Magdalena Kegel,  —

Magdalena is a writer with a passion for bridging the gap between the people performing research, and those who want or need to understand it. She writes about medical science and drug discovery. She holds an MS in Pharmaceutical Bioscience and a PhD — spanning the fields of psychiatry, immunology, and neuropharmacology — from Karolinska Institutet in Sweden.

Articles by Magdalena Kegel

Spinal Muscular Atrophy Researchers Identify Spinraza Ethical Challenges

Although Spinraza has the potential to change the course of spinal muscular atrophy, a number of ethical challenges revolve around its use, a group of American researchers argues. In an article in the journal JAMA Pediatrics, they maintained that the healthcare system needs to address six issues to ensure that SMA patients “benefit from treatment, are protected from harm, and are treated fairly.” The title of the piece is “Ethical Challenges Confronted When Providing Nusinersen Treatment for Spinal Muscular Atrophy,” The group, led by Dr. Alyssa M. Burgart of Stanford University, said the biggest challenge is cost. Spinraza's pricetag is $750,000 the first year, and $375,000 each year thereafter. A cost that hefty can make insurers reluctant to cover the treatment, the group said. It also creates the possibility of hospitals bearing partial or full costs if an insurer refuses to re-imburse them. In fact, this is a major reason why some hospitals are not offering Spinraza (nusinersen) treatments, the team wrote. A second ethical challenge is the possibility that people with similar levels of disease severity will receive different treatments because of cost. This generates "concerns for the just distribution of healthcare," the scientists wrote. While unequal health insurance coverage is an inherent flaw of the U.S. healthcare system, Spinraza's enormous cost makes the problem particularly daunting. Healthcare insurers and hospitals are not the only ones bearing the cost burden, the team wrote. The lifelong cost of the therapy may force families to opt out of treatment or become impoverished. The second ethical challenge is dealing with limited information on Spinraza's long-term effectiveness. Since Spinraza trials involved small patient samples and were relatively short term, the verdict is out on whether most patients will benefit long term. It is also not clear if the improvements seen in the trials will translate into improvements in muscle strength and function when doctors treat patients.   While patients and their families may be prepared to accept these uncertainties, health insurers may not be. This may lead to situations in which insurers approve a treatment only if patients can prove with arbitrarily determined measurements that it is effective. Limited access to such testing may further disadvantage a patient, the team argued. In addition, there is no agreement on what a treatment benefit is. This has a bearing on a third ethical issue — informed consent. If a treatment is failing to provide benefits, a doctor may decide that it should be dropped. Since there is no consensus on what a treatment benefit is, patients, families and physicians may find themselves holding differing views on the issue. The best way to deal with this is to discuss it before a patient starts treatment, the team contended.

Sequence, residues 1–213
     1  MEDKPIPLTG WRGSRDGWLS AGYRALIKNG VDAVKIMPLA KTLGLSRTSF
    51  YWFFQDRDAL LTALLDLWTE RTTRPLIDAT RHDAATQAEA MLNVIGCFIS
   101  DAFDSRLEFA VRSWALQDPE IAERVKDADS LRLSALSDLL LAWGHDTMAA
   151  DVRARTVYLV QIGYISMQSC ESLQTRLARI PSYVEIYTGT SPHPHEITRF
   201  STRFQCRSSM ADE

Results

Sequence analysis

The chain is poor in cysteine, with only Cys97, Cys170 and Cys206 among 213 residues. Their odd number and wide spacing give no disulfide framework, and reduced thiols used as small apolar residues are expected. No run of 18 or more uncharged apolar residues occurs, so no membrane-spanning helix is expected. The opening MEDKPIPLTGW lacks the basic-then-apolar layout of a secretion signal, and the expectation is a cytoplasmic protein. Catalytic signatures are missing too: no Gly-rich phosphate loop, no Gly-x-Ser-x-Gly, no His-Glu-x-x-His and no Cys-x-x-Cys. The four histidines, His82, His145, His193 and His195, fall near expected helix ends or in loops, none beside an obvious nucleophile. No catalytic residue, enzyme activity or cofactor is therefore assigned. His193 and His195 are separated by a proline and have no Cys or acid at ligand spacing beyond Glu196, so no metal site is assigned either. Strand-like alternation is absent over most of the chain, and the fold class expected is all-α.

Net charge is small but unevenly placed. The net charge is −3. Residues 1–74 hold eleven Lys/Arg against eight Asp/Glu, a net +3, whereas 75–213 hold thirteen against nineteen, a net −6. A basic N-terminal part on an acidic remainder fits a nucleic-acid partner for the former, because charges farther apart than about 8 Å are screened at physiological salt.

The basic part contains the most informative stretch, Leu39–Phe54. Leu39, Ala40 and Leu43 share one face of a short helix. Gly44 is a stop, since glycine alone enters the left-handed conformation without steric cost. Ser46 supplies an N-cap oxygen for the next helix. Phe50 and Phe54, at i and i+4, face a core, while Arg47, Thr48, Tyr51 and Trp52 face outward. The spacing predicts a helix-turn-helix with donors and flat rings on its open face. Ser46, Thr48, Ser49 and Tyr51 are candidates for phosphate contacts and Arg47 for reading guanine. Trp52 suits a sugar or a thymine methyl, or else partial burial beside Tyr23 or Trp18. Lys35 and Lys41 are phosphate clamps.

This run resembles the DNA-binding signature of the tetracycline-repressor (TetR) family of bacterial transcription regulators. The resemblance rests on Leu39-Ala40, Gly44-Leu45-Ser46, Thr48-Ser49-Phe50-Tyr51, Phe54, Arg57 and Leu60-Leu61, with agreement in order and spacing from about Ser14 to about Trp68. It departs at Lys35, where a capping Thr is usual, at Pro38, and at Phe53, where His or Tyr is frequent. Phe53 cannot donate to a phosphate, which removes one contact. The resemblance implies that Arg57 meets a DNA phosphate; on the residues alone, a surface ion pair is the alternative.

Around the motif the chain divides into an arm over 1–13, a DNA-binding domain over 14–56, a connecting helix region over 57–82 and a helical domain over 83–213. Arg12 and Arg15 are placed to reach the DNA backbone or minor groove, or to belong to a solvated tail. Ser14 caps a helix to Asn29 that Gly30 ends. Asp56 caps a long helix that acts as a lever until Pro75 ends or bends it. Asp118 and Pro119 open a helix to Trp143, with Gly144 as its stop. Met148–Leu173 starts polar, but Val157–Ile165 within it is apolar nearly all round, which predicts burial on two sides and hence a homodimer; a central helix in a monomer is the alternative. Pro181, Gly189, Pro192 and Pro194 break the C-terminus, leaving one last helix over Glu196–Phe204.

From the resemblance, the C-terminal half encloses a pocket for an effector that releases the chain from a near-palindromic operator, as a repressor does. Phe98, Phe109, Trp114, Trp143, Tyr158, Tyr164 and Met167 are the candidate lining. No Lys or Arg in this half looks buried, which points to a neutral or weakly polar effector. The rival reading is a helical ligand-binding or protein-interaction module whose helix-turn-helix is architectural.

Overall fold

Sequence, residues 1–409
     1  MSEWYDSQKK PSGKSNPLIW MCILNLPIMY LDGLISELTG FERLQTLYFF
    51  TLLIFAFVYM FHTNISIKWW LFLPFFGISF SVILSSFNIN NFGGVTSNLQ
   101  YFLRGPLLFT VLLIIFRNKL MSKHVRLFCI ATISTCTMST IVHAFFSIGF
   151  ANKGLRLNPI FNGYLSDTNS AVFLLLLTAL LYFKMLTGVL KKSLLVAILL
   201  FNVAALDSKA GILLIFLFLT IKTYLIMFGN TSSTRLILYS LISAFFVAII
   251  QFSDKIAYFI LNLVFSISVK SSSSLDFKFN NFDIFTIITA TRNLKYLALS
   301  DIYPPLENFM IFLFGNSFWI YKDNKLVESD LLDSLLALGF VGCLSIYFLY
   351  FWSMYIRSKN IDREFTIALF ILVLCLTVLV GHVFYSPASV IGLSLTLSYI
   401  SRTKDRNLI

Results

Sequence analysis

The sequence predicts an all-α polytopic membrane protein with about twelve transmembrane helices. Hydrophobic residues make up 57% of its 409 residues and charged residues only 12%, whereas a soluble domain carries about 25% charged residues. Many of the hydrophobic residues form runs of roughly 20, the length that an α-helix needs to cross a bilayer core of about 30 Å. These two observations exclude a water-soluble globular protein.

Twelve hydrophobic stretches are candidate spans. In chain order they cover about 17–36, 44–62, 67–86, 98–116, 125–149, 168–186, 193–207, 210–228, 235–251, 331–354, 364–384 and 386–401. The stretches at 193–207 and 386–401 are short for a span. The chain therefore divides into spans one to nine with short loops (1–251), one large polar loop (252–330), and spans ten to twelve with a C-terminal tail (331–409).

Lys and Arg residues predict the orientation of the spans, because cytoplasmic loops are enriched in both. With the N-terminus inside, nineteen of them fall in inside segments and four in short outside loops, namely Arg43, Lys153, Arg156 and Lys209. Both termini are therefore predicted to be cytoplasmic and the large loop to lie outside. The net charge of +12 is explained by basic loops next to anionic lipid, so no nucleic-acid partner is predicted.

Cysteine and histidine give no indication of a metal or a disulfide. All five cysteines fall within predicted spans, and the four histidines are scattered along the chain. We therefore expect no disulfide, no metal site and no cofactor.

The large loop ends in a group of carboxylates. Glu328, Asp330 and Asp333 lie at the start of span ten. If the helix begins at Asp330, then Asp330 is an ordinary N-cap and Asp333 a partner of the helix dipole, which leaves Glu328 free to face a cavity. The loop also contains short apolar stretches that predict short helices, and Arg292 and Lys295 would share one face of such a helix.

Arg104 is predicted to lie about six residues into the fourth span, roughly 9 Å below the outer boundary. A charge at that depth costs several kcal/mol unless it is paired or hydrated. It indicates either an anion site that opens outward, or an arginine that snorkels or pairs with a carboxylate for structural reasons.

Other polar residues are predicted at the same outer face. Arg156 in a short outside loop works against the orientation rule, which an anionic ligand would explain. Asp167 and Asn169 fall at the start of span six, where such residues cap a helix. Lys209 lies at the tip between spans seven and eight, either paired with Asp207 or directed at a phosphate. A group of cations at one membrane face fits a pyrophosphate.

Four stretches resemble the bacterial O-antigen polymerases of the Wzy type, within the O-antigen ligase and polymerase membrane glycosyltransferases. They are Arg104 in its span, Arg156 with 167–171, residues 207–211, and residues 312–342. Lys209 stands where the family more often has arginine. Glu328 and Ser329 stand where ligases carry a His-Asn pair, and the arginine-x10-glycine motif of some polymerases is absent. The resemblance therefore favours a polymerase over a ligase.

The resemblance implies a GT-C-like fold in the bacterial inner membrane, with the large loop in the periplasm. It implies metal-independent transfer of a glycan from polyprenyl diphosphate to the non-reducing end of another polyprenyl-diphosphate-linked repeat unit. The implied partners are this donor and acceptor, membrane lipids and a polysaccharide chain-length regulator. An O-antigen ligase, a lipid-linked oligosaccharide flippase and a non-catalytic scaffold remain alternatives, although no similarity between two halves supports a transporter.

Cytokinetics’ New Muscle Activator May Have Better Tolerability, Effectiveness Than Tirasemtiv

Cytokinetics’ new muscle activator compound shows promising safety, tolerability, and effectiveness in three early clinical trials in healthy volunteers. The data supports the ongoing Phase 2 trial of the drug in patients with spinal muscular atrophy. Importantly, the findings indicate that the therapy is better tolerated and more potent than the company’s earlier muscle activator, tirasemtiv. CK-212 7107 is an investigational next-generation therapy that Cytokinetics is developing in collaboration with Astellas Pharma. The compound aims to act as a muscle activator by slowing calcium signaling in so-called fast skeletal muscle fibers. The drug was explored in three separate Phase 1 trials, adding to data from two earlier studies. The studies showed that CK-212 7107 triggered a muscle force more than double of that seen with tirasemtiv. All three trials also concluded that the drug was relatively well tolerated — all adverse events were mild or moderate. Laboratory values, neurological examinations, vital signs, brain waves, walk tests, and blood oxygen levels were all normal after the treatment. Researchers also concluded that higher doses gave rise to higher blood concentrations of the drug — a desirable feature of any new drug. CK-212 7107 is currently being assessed in a Phase 2 trial in patients with SMA types 2–4. The trial is still recruiting participants in the U.S. and Canada. Interested patients can find more information, including contact details, at the trial’s registration page. The drug is intended for the treatment of patients with muscle fatigue or weakness. In addition to SMA, the compound is being tested in Phase 2 trials in patients with ALS, elderly people with mobility limitations, and patients with COPD.

People in the UK Support Newborn SMA Screening, Study Shows

The majority of people that completed a U.K. survey support the idea of newborn screening for spinal muscular atrophy (SMA), according to a report published in the journal Molecular Genetics & Genomic Medicine. With Spinraza (nusinersen) now available as an SMA treatment option, people in favor of screening believe…